Thorntons independently distributes gas while keeping clean convenience stores filled with snacks to help drivers stay awake, nourished, or quenched. Power depleted, flex-fuel-friendly cars, trucks, vans, or tail-finned Zeppelins with E-85 Flex Fuel, a renewable fuel source that minimizes earth-detrimental emissions.
Aromas of fried chicken and housemade side dishes waft from behind a deli counter as visitors peruse the aisles of groceries and other household necessities. According to a 2011 feature in the Southside Times, Hampton's Market embraces its role in the community by getting to know its customers and lining shelves with locally produced goods, including maple syrup and jams siphoned from nearby trees. The butchers' display cases brim with marbled steaks, custom cuts of beef, and sausages made in-house.
The professional photographers at Target Portrait Studios capture paramount moments in premier lighting with high-tech digital cameras and a choice of vivid background images. After clients discuss pose preferences with their portraitist, subjects take the stage for approximately 10 minutes of flashing bulbs, bright smiles, and focused lenses. Clients are welcome to bring props and shadow puppets from home, and after choosing a background, they can further customize each image with one of the studio's props, if desired.
The Hunter family knows bees. At their family-owned and operated farm, they continue a more than 100-year-old tradition of producing honey and honey-related products. Managing several hundred hives across the state of Indiana, Hunter farms produce honey, beeswax, bee pollen, and propolis, which is used to make everything from beeswax soap and lip balm to honey hot-wing sauce and 32 different flavors of honey sticks.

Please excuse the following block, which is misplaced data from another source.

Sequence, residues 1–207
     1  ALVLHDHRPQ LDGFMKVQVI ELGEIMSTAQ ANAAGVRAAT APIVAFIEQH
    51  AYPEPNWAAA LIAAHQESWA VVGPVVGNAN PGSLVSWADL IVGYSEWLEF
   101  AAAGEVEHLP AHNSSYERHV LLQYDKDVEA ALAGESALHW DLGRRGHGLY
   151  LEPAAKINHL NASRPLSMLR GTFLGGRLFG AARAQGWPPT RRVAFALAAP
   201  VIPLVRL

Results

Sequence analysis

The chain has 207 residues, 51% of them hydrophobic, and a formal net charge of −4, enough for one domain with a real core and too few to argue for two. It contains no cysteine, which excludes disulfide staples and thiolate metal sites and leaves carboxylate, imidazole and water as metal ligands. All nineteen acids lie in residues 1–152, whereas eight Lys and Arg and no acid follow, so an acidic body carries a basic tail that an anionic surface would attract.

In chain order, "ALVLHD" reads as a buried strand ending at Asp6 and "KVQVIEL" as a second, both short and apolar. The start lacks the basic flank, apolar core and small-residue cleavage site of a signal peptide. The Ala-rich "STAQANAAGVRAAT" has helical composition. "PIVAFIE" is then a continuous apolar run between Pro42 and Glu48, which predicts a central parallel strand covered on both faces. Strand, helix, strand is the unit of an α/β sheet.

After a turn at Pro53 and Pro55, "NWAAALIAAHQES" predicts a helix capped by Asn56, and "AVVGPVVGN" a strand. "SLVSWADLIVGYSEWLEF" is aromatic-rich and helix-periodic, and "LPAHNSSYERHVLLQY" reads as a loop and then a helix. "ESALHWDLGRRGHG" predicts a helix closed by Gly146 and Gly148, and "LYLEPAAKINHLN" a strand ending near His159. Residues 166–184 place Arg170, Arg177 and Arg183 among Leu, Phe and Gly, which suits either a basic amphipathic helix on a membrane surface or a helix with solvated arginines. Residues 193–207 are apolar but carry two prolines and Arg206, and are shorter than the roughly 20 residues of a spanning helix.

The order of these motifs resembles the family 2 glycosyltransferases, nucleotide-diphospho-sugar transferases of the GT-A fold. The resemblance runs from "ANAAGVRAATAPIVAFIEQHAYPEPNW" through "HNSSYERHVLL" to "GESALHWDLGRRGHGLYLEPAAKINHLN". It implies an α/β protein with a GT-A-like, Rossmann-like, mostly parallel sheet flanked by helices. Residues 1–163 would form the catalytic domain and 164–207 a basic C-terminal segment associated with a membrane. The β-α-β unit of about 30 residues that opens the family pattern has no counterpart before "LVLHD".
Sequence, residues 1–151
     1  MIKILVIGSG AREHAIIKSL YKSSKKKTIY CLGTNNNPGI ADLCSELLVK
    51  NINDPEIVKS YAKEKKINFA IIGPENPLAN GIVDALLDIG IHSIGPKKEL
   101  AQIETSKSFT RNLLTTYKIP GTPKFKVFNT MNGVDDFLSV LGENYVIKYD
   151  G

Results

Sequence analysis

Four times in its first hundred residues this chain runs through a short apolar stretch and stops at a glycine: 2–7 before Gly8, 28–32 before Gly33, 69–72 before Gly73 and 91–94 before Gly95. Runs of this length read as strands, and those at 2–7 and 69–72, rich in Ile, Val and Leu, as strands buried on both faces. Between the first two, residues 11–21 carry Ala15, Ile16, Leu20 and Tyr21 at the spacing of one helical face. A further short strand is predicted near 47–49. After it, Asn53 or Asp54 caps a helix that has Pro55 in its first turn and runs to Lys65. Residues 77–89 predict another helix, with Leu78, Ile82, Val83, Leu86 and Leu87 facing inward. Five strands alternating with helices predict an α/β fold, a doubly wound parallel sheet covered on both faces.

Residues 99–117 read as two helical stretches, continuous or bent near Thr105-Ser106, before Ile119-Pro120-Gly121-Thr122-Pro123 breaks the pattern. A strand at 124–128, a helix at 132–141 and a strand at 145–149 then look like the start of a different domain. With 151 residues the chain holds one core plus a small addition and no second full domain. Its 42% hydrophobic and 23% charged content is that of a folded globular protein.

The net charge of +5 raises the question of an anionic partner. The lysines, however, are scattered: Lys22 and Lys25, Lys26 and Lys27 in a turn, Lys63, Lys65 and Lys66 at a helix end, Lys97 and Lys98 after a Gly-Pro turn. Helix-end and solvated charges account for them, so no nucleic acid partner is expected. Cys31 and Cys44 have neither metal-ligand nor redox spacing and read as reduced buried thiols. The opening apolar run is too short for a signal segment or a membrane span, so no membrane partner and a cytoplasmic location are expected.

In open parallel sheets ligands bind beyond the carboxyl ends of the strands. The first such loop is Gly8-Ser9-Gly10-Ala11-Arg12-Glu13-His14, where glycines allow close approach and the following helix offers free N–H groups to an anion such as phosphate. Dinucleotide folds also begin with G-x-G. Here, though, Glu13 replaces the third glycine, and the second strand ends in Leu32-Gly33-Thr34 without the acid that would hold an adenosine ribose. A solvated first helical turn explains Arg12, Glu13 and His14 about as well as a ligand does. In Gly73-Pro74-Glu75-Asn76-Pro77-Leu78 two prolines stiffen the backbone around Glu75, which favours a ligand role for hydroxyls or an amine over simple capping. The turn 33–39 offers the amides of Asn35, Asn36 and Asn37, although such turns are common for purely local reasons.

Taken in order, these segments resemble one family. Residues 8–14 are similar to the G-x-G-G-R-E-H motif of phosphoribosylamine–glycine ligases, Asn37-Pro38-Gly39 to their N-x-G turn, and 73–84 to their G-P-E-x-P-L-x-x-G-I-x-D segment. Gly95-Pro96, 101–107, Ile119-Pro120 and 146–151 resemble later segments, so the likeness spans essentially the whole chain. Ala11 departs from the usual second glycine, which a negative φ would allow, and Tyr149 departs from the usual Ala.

Guided tours of the honey farm teach groups of all sizes and ages about the work of the honeybee, while forestry tours introduce tourists to the farm’s 65 acres of hardwood. The beehive tour lets guests shadow a beekeeper on the job while "Flight of the Bumblebee" plays on repeat in their heads. The Worker Special tour includes even more hands-on learning, teaching visitors how to roll their own beeswax candle and fill bear-shaped containers with honey.
Ninety-seven cuts of premium protein await carnivorous shoppers at The Meat Shop of Indianapolis, where a brigade of butchers carves ready-to-cook portions of beef, chicken, and pork sourced from store-trusted suppliers. Shoppers can procure juicy filet mignon ($10.99/lb.) or order ground elk ($7.29/lb.) or oxtail ($4.19/lb.) to acquire adventurous eats without using themselves as bait in a werewolf trap. The store’s cleaver-wielding wizards slice each selection of sustenance into customizable cuts that cater to their customers’ tastes, fashioning lean and marbled morsels before patrons’ awestruck eyes. Packaged bundles of brawn, such as a pound of deli meats and a half pound of cheese ($39.95), offer plates of protein suitable for serving large groups or unusually small pet whales.